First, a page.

The unusual landscape of Pamukkale is made up of mineral forests, petrified waterfalls and a series of terraced basins, creating a snow-like pool in the terraces with the smoke billowing warm water, thus given the name that literally means “cotton castle” in Turkish. Classified by UNESCO in 1988, the beautiful natural structure has been used as a bathing place and a holiday resort by the Romans centuries ago. In warm days, visitors could walk along the pool terrace, with warm water carrying healing properties flows away along their naked foot. It is said that different colors of snow can be seen in the terraces. Late afternoon is the best time of day to go when the crowds are mostly gone, and the sunset viewed from the terraces is a bonus. The other side of Pamukkale is the immediately adjacent ruin city, which has been half buried by calcium carbonate deposits for over 500 years. Overall, the experience here is great - all you want to do is swim and have ice cream.

The unreal PamukkaleWalking in the footsteps of people centuries ago and to experience this natural wonder will be a highlight of your Turkey trip.

5. Hot air balloon toward the sunrise in Cappadocia

Yes, you can explore the astonishing geography from the ground, which shall be unforgettable enough, but trust me - a ride of hot air balloon above the rising rock formations at dawn takes the sensational experience to another level. It might look scary, and you thought you are going to spend the trip sitting in the bottom of the balloon basket panicking - NO WAY! You will be anything but that. Going up hundreds of meters, you will be spellbound with bug eyes and your mouth wide open by the dramatic sedimentary rocks (best known as “fairy chimneys” to the world), and of the scenery below: colored valleys, houses, and churches, some of which dating back to the Roman Empire. Look around, the blue sky cloaked with dozens of hot air balloons amid the sunrise simply leaves you breathless. You’ll want to bring a camera to store the picture perfect view for good. Meanwhile, remember to have a light jacket and a hat as it gets really cold in the morning. After landing, they give you some of the best champagne and cookies to celebrate the fantastic trip.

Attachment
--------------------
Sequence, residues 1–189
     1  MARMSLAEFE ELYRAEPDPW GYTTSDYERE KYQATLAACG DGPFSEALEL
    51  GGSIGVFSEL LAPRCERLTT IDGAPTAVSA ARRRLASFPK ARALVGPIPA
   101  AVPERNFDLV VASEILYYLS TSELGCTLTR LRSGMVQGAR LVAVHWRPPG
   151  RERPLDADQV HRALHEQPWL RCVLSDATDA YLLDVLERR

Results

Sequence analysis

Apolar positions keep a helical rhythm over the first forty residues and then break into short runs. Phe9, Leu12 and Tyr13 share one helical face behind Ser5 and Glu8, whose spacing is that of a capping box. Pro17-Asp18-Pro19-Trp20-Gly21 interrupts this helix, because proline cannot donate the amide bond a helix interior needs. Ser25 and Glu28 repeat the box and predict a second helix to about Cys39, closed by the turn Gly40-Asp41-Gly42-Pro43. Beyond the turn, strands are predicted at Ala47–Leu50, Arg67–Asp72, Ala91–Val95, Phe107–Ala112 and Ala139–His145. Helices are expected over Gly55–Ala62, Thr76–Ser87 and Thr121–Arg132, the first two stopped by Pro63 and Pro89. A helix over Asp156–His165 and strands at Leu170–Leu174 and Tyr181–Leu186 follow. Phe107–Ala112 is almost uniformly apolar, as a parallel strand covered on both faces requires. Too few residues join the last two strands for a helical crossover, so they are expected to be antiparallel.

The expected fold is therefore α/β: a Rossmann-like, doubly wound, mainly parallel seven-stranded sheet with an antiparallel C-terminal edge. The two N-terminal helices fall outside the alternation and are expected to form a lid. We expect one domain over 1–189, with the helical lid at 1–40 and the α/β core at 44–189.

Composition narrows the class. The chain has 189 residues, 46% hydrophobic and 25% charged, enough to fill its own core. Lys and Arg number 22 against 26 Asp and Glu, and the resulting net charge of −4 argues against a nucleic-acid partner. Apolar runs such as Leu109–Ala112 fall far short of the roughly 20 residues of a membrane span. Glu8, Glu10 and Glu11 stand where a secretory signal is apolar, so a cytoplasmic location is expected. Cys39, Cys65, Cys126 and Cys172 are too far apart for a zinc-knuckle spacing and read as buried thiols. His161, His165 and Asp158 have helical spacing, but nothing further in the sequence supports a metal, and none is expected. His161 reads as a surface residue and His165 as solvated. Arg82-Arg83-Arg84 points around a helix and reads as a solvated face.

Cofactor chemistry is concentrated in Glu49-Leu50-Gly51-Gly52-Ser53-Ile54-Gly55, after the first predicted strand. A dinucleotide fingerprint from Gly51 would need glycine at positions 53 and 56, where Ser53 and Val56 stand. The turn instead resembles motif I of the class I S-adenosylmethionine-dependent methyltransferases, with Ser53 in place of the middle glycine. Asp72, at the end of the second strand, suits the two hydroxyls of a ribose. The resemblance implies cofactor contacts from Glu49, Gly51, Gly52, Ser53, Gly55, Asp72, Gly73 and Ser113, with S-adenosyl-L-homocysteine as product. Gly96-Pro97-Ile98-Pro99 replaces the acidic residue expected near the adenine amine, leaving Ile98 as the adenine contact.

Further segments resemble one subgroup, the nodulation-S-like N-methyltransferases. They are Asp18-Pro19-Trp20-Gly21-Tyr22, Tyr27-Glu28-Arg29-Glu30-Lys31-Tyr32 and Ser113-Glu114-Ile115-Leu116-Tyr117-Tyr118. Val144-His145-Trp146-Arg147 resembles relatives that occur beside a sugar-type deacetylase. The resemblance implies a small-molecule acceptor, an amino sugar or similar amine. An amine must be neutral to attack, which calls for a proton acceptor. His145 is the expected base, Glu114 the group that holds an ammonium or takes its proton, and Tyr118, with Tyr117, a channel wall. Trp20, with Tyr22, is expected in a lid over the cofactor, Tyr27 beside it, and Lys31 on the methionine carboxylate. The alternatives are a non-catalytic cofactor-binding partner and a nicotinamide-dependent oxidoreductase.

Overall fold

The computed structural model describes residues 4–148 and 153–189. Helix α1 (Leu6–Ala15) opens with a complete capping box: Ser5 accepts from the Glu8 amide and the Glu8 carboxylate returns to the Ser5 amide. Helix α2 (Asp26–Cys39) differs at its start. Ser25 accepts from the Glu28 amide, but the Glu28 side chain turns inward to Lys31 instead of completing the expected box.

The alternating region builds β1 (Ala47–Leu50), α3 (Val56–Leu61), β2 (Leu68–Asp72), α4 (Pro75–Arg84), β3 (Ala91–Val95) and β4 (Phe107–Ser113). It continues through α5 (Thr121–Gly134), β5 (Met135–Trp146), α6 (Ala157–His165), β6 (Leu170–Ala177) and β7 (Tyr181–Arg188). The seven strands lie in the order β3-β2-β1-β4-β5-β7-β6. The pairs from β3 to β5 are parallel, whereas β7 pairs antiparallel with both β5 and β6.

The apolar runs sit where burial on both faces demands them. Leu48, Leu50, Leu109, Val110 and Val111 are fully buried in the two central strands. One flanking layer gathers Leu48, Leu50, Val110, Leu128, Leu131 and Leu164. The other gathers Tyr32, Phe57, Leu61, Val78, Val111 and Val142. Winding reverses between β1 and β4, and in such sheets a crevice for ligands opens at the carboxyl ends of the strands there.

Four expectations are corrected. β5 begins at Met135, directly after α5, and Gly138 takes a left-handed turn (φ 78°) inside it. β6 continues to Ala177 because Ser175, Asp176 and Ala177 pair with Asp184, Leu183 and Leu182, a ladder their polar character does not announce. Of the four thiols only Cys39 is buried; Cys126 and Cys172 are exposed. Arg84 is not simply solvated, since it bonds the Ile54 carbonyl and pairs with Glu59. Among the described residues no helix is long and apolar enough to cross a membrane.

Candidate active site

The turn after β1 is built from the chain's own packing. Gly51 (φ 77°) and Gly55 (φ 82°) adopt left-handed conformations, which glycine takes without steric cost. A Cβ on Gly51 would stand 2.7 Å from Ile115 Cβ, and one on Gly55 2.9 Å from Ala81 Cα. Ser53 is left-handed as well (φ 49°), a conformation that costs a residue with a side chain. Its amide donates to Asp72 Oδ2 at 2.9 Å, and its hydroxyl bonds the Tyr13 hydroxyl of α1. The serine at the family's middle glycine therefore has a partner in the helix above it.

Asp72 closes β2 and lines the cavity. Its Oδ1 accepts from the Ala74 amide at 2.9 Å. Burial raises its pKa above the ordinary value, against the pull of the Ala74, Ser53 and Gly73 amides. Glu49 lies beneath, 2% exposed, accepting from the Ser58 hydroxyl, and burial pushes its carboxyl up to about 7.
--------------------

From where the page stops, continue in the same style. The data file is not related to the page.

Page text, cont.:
Hot air balloon toward the sunrise in CappadociaOnly when you have been here you will believe this famous view actually exists in the real world.

6. Climb up inside the Trojan Horse in Troy

If Aegean Sea area is in your itinerary, include this site on your plan. A big part of the reasons is because of the legend, history buffs almost have to "check it off" from their list; the rest is that Troy inspired Homer to write Iliad, by simply strolling here you could get a flavor of mythology. 

Though being only a fascinating replica of the device that the Greeks used to enter the city of Troy, the wooden Trojan Horse is built as an incredible attraction. Use your imagination to visualize the old structures, climb up the horse and peep out of the windows for a view, or feel the spirit of Helen. When exploring the ruins of city walls, house foundations nearby and learn new things about the ancient civilization that lingered on those lands, be sure to have an experienced tour guide, because to the untrained eyes, Troy is no more than a pile of rubble and rocks under the ground, but a qualified and experienced tour guide knows how to bring them to life. The outing should conclude with a tour of Canakkale, where the Trojan Horse used in the movie, Troy, is displayed for pictures.

The actual Trojan Horse from TroyThe actual Trojan Horse from Troy is one of the biggest attractions of Canakkale city.

7. Get closer to the gods at Mt. Nemrut

Located in southeastern Turkey, Mt. Nemrut is far away from the usual tourist path but it is well worth the visit. In 62 B.C., the Commagene King Antiochus built on top of the mountain a tomb-sanctuary flanked by gigantic statues of animals, Greek and Persian gods, which have names inscribed on each of them. However, at some stage in history, the heads of the statues were brought down by a collective effort, while when and why it was done remains unknown. Archaeologists helped them sit upright but didn’t intend to re-attach the head to the bodies. So you will see huge stone heads scattered throughout the site where they fell, incredibly photogenic in the superb sunset light, making one feel how impressive they were, and the amount of work it took to complete such a massive project. Phenomenal are not only the two terraces with these decapitated gods, but also the peaceful view of mountain ranges surround. It takes a climb of 20 minutes and private transportation is recommended as there is no public transport reaching Mt. Nemrut.